Engineenering seniors Glenn Fiedler, Peter Jung, Lemuel Soh and Kevin Jackson, collectively called “Chemomatic” designed the AutoSyP to dispense controlled, round-the-clock doses of medications for patients with cardiac conditions. The group won third place in the 2013 University of Minnesota Design of Medical Devices student competition, and was soon after contacted by health professionals from UTHealth to test the device in Fiji.
Rohith Malya, M.D., assistant professor and director of the Division of Global Health in the Department of Emergency Medicine at the UTHealth Medical School, and one of Chemomatic’s mentors, explains that Fiji would be a good start to establish the efficacy of the AutoSyP, seeing as how it has a mortality rate from heart attacks about five to eight times that of the United States.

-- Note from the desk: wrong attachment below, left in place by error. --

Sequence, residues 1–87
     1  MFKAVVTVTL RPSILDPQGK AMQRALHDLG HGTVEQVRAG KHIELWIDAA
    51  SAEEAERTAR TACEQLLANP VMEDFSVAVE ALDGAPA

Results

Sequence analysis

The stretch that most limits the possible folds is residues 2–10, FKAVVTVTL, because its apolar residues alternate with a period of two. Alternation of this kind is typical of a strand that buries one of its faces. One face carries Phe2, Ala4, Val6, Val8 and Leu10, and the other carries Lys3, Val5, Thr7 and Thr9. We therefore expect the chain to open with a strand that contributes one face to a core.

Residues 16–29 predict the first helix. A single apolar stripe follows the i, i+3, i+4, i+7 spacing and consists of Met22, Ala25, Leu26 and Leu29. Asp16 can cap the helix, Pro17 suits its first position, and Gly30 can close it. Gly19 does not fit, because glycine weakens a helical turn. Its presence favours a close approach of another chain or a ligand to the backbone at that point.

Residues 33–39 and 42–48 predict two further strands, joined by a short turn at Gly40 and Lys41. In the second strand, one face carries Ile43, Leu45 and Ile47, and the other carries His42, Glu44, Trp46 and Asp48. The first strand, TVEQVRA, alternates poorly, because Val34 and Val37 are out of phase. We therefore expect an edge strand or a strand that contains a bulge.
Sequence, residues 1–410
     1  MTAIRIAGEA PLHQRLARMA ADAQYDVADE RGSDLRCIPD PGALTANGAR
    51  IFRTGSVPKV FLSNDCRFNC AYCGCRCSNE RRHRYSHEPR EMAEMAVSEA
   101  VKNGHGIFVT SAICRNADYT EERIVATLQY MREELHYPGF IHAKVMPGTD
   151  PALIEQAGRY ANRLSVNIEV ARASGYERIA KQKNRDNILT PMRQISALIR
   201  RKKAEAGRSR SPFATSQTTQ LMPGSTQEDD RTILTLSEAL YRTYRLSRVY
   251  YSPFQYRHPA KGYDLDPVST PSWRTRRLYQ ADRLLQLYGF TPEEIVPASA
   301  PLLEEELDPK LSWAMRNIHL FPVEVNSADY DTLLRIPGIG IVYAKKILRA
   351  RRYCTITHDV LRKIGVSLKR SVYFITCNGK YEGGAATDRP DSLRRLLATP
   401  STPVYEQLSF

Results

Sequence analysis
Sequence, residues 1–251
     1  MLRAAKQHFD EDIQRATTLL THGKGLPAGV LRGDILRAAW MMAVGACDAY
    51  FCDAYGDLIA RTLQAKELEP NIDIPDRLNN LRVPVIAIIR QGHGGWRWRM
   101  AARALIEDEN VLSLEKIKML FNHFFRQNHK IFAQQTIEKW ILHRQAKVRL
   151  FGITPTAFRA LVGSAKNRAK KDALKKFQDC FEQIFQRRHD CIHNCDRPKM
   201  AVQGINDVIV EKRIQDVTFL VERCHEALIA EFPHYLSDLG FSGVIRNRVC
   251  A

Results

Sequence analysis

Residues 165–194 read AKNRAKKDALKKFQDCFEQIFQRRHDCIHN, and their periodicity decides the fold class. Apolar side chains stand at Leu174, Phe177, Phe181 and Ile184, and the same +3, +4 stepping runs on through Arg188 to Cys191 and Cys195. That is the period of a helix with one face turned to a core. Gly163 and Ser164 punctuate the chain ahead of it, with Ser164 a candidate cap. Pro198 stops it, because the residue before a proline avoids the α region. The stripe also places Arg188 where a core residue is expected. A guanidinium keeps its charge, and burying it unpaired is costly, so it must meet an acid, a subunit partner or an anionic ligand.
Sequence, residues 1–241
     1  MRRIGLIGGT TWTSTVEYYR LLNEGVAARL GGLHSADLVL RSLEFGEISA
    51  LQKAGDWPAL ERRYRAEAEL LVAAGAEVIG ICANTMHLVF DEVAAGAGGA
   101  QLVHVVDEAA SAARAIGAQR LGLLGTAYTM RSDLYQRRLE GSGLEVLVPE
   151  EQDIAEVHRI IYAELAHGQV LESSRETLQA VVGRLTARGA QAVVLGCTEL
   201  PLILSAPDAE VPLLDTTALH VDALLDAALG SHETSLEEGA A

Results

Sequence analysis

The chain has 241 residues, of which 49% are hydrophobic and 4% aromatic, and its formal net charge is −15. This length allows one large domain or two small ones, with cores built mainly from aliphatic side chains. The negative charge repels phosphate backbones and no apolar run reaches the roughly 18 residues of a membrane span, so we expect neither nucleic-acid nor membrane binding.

The AutoSyP delivers force to syringes of various sizes through a spring-driven ratchet-and-pawlescapement system, like those found in timepieces. “The idea is to regulate something that wants to unwind quickly,” said Jung, also a future medical student, explaining why the team used a battery-driven stepper motor to disengage the two pawls from the ratchet in turn.
With a few adjustments, the device allows the use of various syringe sizes and brands, uses very little battery power to be able to safely operate a full 24 hours, and should be portable enough to be used in ambulances to deliver crucial pharmacologic management to cardiac and stroke patients accurately and efficiently.